Bass Vows to Keep Fighting U.S. Drug Patents After SetbacksBy
Hayman Capital founder calls Patent Office `kangaroo court'
Hedge-fund manager still challenging Acorda, Biogen drugs
Hedge-fund manager Kyle Bass isn’t taking his early losses to the drug industry lightly.
The Hayman Capital Management founder claims the U.S. Patent and Trademark Office is purposefully denying his challenges to drug patents because it finds him “too disruptive.”
His response: File more cases targeting what he contends are patents of questionable validity that he said are protecting overpriced drugs from competition.
“It’s clear they want us to go away,” Bass said Thursday in a telephone interview. “We’re not going away.”
Bass has filed nine petitions challenging patents since Aug. 24, the day the Patent Trial and Appeal Board declined to review two Acorda Therapeutics Inc. cases. Four petitions filed Wednesday again challenge Acorda patents on the multiple sclerosis drug Ampyra.
In all, Bass’s Coalition for Affordable Drugs has filed almost three dozen petitions since February. The Acorda petitions were rejected after the Patent Trial and Appeal Board said the information he provided wasn’t publicly available. A different three-judge panel on Sept. 1 said information of a clinical trial wasn’t evidence that could be used to challenge Biogen Inc.’s MS drug Tecfidera.
“They threw Acorda out on a technicality; they threw Biogen out by ignoring the law,” Bass said. “They’re acting like a kangaroo court and we are not going to stand for it.”
Patrick Ross, a spokesman for patent office, said the Alexandria, Virginia-based agency had no comment.
The reviews were created under a 2011 law, designed to help technology companies get rid of nuisance lawsuits more cheaply by invalidating patents that never should have been issued. The drug industry has reacted to the Bass petitions by urging Congress to make it exempt from the proceedings altogether.
Drug and biotechnology trade groups say Bass’s actions are “threatening to undermine the medical innovation system in this country.”
“The fact that a hedge fund or others can file endless challenges to the same patents over and over again, forcing small companies like Acorda to divert their time, attention and limited resources to fighting these improper attacks rather than focusing on bringing new cures to patients, is outrageous
and offensive,” the Biotechnology Industry Organization said in a statement. “His abuse of this system highlights the need for reform.”
Ardsley, New York, based Acorda, in a regulatory filing, said it would oppose any effort to institute the review and will defend its patents.
Bass accused patent office Director Michelle Lee of directing the judges to find ways to not institute any reviews. “What Michelle Lee and the PTAB need to do is call balls and strikes and not try to change the rules of the game that were legislated to them by Congress,” Bass he said.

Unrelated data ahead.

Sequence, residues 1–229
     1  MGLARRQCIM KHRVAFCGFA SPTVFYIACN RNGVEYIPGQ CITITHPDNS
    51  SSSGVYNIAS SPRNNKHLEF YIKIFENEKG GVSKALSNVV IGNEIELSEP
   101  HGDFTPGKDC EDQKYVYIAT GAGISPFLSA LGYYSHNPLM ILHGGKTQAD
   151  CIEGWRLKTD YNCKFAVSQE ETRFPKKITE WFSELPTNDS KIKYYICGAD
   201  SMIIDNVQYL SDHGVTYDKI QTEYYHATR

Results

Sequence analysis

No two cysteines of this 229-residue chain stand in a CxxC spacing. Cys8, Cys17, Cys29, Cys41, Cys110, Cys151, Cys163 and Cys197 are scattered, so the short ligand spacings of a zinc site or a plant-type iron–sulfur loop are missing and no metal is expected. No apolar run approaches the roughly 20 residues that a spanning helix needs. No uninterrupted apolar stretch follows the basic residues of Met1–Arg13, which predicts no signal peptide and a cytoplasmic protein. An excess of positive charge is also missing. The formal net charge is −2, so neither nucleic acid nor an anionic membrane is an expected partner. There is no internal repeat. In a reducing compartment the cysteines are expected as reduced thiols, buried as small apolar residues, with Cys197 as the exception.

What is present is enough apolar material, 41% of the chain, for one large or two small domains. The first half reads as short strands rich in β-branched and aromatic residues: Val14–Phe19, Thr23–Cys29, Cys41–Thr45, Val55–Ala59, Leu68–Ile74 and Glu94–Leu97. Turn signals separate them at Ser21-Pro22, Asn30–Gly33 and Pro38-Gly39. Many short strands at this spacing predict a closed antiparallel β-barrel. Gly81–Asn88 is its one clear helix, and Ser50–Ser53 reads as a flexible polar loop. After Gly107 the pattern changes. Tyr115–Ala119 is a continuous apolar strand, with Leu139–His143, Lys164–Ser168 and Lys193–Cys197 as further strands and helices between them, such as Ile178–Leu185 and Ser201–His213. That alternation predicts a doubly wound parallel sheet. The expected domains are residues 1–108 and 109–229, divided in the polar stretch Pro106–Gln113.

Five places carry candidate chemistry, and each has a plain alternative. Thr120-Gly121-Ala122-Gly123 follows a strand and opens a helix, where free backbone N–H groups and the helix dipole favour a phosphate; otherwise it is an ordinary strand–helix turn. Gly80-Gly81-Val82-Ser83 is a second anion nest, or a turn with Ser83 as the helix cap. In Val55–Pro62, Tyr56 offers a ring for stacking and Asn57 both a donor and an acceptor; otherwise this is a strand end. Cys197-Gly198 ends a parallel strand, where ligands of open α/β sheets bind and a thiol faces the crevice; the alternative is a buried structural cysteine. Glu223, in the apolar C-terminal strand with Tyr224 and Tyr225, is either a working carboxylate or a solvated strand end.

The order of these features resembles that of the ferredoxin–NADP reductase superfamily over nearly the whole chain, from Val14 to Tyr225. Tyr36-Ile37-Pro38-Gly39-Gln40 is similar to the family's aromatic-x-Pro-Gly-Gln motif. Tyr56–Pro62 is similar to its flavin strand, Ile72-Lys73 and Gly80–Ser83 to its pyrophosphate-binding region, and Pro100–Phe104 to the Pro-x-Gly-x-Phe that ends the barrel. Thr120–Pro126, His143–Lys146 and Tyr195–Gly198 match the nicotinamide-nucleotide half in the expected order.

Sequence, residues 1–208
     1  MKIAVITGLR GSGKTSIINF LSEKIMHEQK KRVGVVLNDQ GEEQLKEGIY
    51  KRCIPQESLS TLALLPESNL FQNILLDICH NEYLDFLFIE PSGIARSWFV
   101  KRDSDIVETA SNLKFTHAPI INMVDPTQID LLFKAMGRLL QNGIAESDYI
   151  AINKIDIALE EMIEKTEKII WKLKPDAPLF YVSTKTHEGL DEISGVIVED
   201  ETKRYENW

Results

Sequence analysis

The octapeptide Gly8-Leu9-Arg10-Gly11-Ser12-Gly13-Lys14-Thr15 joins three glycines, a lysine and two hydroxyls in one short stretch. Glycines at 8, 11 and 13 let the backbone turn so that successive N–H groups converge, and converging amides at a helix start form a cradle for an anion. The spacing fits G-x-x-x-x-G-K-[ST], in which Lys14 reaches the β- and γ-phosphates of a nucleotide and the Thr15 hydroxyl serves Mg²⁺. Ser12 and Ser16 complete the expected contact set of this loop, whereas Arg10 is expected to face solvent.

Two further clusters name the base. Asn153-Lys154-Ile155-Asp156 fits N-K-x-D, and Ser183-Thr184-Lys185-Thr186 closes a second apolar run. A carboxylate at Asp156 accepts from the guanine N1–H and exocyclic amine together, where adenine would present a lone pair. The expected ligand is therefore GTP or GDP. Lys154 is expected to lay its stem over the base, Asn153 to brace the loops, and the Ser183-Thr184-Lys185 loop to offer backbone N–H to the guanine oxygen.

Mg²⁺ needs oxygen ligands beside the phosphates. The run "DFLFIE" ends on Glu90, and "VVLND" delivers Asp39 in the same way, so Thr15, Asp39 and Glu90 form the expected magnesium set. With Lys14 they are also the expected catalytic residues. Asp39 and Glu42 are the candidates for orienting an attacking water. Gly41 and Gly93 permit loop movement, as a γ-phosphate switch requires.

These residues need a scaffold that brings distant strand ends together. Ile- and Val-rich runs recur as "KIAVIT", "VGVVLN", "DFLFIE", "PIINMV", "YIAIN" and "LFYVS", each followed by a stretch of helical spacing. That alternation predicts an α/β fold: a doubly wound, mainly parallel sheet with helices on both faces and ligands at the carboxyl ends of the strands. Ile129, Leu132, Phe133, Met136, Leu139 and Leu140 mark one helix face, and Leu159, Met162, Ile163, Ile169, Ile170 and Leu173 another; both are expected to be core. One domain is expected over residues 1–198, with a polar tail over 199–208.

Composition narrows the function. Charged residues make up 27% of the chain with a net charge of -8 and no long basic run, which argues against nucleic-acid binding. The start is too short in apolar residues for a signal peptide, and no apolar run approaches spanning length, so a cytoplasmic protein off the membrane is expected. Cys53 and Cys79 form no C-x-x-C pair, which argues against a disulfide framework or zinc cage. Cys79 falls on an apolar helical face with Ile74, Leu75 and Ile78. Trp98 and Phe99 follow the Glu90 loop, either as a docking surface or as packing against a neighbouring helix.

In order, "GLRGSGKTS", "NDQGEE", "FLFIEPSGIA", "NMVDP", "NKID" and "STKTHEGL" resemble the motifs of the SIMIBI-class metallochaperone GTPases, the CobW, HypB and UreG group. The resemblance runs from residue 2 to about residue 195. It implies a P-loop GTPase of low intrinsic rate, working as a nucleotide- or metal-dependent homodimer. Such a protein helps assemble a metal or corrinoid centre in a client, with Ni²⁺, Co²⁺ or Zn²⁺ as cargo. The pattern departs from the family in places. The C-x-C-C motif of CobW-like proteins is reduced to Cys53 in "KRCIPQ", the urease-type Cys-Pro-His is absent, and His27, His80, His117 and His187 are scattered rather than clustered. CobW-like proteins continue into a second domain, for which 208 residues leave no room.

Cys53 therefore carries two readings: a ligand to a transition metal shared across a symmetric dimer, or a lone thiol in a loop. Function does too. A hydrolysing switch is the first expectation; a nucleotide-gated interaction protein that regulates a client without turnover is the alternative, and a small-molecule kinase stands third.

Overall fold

By law, the board’s administrative patent judges are independent of oversight by the director. Their decisions on whether to begin a review or not can’t be appealed.
Bass can ask the panels to reconsider their decisions, but most of those requests are denied, said Lana Gladstein, a patent attorney with the Boston firm of Nutter McClennen & Fish, who’s been involved in other cases before the board.
In both the Acorda and Biogen cases, the drugmakers argued that Bass is misusing the system to make money by undermining drug patents. Neither panel addressed that issue. A different three-judge panel has asked Bass and Shire Plc’s NPS Pharmaceuticals to provide legal arguments on whether that should be a consideration. NPS is scheduled to file its arguments next week, with Bass given another seven business days to respond.
The board has allowed third parties to proceed with other petitions. In those instances, it’s been a group like Unified Patents, which collects money from technology companies to challenge patents that are being asserted in specific fields.
Bass said he is motivated both by the desire to make money and an urge to “go after the worst offenders” when it comes to drug pricing and patent quality.
“If not me, then who?” Bass said. “I don’t see anyone else hiring legal teams with purely altruistic motives.”
The question is whether someone who has a profit motive fits with the goal of the patent office to take a second look at its work. On the other side of the argument is that “at the end of the day, a challenge to a possibly invalid patent is in the public’s best interest,” Gladstein said.
Drug patents are more likely than others to survive the scrutiny of the patent board, said Ronny Gal, an analystfor Sanford C. Bernstein & Co. Drug challenges make up about 7 percent of all petitions, with the majority filed by operating companies. Only seven cases have gone completely through the system, and so far there are only two instances where the patents were invalidated.
“The data accumulated so far, although early, suggests neither the attention, hyperboles, nor the legislative cure is warranted,” Gal wrote in a note to clients.
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